Tuesday, November 22, 2005

Riskless business

The Darwin exhibition frightening off corporate sponsors

An exhibition celebrating the life of Charles Darwin has failed to find a corporate sponsor because American companies are anxious not to take sides in the heated debate between scientists and fundamentalist Christians over the theory of evolution.

The entire $3 million (£1.7 million) cost of Darwin, which opened at the American Museum of Natural History in New York yesterday, is instead being borne by wealthy individuals and private charitable donations.

The failure of American companies to back what until recently would have been considered a mainstream educational exhibition reflects the growing influence of fundamentalist Christians, who are among President George W Bush's most vocal supporters, over all walks of life in the United States.

While the Darwin exhibition has been unable to find a business backer - unlike previous exhibitions at the museum - the Creationist Museum near Cincinatti, Ohio, which takes literally the Bible's account of creation, has recently raised $7 million in donations.

The outbreak of corporate cold feet has shocked New York's intellectuals. "It is a disgrace that large companies should shy away from such an important scientific exhibition," said a trustee of another prominent museum in the city, who was told of the exhibition's funding problem by a trustee of the AMNH.


The AMNH is coy about its failure to find corporate money to mount the exhibition, which will tour the US before moving to London's Natural History Museum in 2009 to mark the bicentenary of Darwin's birth.

Asked which companies had refused to give money, Gary Zarr, the museum's marketing director, said he would have to ask those concerned before he could identify them.

Steve Reichl, a press officer for the AMNH, said a list of forthcoming exhibitions was sent to potential sponsors and none wanted to back the Darwin exhibition. He declined to reveal which companies, or how many, had been approached.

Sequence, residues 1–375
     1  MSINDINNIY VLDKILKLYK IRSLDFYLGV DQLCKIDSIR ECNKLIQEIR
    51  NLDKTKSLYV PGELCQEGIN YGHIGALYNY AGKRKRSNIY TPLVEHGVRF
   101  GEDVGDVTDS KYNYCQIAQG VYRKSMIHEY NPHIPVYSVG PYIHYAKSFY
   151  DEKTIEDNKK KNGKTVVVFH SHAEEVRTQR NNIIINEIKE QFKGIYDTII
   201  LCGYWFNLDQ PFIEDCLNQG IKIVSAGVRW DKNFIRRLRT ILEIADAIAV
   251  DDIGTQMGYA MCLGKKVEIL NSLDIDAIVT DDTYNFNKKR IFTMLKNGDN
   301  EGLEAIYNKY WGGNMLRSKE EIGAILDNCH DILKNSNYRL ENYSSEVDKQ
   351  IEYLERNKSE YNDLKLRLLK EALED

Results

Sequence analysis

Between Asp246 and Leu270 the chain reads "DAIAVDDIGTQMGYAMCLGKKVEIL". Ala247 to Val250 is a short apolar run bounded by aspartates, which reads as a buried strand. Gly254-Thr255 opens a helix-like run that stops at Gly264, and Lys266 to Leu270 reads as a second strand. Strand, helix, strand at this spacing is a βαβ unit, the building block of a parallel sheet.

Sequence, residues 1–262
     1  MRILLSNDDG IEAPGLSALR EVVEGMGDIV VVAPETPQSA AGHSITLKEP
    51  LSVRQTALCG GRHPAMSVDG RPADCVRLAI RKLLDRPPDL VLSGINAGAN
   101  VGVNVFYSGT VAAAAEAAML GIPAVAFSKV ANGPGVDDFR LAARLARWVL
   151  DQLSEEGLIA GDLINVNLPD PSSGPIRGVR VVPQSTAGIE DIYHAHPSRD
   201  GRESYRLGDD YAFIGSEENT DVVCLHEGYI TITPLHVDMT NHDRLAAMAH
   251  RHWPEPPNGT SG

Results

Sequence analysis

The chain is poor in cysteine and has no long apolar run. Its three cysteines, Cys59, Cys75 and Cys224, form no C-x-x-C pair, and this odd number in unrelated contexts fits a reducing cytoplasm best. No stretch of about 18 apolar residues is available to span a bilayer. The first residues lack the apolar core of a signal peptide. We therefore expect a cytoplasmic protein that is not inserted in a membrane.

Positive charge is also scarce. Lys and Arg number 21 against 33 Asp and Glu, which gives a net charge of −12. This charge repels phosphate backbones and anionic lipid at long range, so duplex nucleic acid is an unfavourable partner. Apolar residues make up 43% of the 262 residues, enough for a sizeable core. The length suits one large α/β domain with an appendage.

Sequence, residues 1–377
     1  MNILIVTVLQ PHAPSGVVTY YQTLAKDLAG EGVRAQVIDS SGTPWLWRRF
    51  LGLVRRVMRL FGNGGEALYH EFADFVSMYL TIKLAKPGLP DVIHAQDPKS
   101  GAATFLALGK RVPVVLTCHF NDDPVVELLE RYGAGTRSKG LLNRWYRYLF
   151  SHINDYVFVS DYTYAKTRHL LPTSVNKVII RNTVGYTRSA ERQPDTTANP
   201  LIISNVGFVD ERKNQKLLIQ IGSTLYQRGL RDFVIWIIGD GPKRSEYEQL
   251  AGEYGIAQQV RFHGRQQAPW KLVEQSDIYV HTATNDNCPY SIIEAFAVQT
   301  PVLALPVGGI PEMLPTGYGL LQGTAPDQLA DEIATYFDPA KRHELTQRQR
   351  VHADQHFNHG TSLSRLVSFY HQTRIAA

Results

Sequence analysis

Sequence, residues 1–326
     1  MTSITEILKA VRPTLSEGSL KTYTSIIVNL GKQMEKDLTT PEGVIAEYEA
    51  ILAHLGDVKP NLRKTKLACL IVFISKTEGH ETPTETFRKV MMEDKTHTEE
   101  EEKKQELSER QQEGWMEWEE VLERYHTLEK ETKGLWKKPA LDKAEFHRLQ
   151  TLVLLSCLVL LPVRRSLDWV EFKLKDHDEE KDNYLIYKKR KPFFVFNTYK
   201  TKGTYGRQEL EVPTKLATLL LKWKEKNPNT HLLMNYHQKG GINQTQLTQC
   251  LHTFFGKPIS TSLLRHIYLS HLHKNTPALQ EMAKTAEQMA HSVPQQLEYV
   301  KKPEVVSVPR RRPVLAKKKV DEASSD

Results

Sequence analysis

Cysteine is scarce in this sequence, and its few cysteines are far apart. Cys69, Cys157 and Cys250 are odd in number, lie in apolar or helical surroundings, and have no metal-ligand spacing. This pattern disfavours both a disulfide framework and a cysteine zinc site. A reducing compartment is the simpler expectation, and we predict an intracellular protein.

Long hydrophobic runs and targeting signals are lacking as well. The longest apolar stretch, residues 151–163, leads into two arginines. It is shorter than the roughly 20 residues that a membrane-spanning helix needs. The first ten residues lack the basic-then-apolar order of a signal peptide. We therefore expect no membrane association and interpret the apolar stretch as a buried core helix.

On its face, it's as unsurprising as it is disgraceful that businesses would avoid faux-controversies like this--who wants to run the risk of noisy wingnuts calling for boycotts 24/7 on Fox News? It's also not surprising that the museum is declining to release the names of the businesses who begged off sponsorship.

But consider the context. Visitors to the AMNH, even those visiting from the bible belt, shouldn't be surprised to see Darwin's legacy embraced by the museum, nor would they reasonably expect creationism to be given a hearing. They have a very nice emergency room at Bellevue for folks who flip out when they can't find Adam, Eve, Noah's Ark or Baby Jesus in any of the dioramas.

The threat of the squeaky wheel also turns the marketing economics of the situation topsy-turvy. Using the blue state-red state dichotomy as a very rough index of the purchasing power of hard core creationists likely to make trouble, it's clear that the ideal target market for the corporate sponsors are blue-oriented consumers. Sure, we can put the heat on the folks who sponsor creationist fiascoes and buy blue whenever possible, but how can we effectively organize any actions against those (frequently anonymous) corporations who don't sponsor something out of fear? And how can we give props to those who step up to the plate?


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